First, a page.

I continued walking for about twenty minutes until I got to the other side of the park and my hotel (a Marriott, which I don’t recommend for a pleasure trip. On my way back through, I stayed in another part of town). I took a shower, and, since I was right near the famous Prater amusement park, I figured that I’d go ride the Wiener Risenrad (the big Ferris wheel—if you’re an English speaker with jet lag and a junior high school sense of humor, go ahead and giggle, just do it quietly) and check out a place I knew from one of my favorite films, Before Sunrise.
The Wiener Risenrad
Unlike a lot of amusement parks in the US, you can just walk into the Prater for free and then you pay for the rides you take. The Wiener Risenrad, justifiably famous for its red wooden cars which take you up into the sky for the best views in Vienna, dates from the late nineteenth century. I paid my fare (at this writing €13.50, unless you want to take the new Platform 9 car, which, while it looks like a total adrenaline rush, doesn’t offer the romance of the original cars).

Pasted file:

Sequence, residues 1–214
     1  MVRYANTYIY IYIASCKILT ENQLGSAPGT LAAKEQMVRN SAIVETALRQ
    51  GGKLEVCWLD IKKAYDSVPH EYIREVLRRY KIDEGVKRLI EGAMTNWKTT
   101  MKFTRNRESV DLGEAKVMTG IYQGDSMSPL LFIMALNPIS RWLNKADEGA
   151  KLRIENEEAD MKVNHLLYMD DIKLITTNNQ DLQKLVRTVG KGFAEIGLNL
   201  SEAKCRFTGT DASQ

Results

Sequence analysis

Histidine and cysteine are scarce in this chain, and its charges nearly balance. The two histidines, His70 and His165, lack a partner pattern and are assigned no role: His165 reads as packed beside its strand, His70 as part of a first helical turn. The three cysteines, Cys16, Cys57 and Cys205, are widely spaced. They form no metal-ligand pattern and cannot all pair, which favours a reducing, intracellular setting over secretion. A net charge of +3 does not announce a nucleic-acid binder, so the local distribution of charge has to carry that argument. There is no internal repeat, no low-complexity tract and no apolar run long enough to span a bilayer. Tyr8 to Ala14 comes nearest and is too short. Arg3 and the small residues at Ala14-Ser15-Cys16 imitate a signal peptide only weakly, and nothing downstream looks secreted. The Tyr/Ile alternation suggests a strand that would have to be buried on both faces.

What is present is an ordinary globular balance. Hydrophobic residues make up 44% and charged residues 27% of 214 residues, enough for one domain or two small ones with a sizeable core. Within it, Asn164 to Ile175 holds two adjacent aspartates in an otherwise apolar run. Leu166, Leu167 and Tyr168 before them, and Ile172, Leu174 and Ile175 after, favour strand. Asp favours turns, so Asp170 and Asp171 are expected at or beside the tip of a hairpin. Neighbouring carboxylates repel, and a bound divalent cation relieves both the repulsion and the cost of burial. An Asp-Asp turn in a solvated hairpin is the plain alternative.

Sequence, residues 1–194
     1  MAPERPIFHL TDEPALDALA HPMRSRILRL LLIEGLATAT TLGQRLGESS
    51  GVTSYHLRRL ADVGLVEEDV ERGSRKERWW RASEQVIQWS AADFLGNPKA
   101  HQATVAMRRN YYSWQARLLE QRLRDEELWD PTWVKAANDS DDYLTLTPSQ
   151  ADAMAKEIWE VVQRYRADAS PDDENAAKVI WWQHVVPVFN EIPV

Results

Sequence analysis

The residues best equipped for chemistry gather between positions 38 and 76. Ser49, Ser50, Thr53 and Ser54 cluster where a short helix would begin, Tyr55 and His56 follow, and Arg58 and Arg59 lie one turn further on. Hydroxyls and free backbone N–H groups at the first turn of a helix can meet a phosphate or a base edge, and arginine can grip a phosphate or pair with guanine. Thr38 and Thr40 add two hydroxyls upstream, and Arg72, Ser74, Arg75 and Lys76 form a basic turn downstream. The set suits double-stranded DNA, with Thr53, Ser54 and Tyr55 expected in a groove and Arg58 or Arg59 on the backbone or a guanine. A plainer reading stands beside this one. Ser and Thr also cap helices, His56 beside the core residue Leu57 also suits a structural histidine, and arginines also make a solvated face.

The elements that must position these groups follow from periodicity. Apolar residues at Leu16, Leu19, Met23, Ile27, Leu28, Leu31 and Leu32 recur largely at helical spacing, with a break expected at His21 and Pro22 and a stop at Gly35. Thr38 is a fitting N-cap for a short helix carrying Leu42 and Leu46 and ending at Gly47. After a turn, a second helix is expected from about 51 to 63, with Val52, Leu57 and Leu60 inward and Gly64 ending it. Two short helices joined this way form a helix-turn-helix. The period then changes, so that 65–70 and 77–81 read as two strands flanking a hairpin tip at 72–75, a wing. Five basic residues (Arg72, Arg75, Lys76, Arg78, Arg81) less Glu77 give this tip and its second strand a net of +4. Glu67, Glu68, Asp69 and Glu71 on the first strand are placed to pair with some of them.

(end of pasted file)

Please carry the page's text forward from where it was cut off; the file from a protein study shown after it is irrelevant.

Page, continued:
The Riserad is popular, and you wind your way through a little museum of its history on your way to the cars. I watched the wheel turn, excited for my trip. At last, a car opened for me and several other people, including several teenagers wanting to add their names to the graffiti inside (their chaperones/parents did not allow it). The car also had an aging photo with different sites pointed out.
Up into the air we went
Up, up, up we went, and the whole of Vienna lay before us as we swayed in the air. Six hours before, I’d been sitting in the Zurich airport drinking weak coffee and the day before, I’d been at home in Somerville. What a strange world. I am in Vienna, I said to myself. This is really happening. Rain drops began to fall on the windows of the car. We came back down to Earth.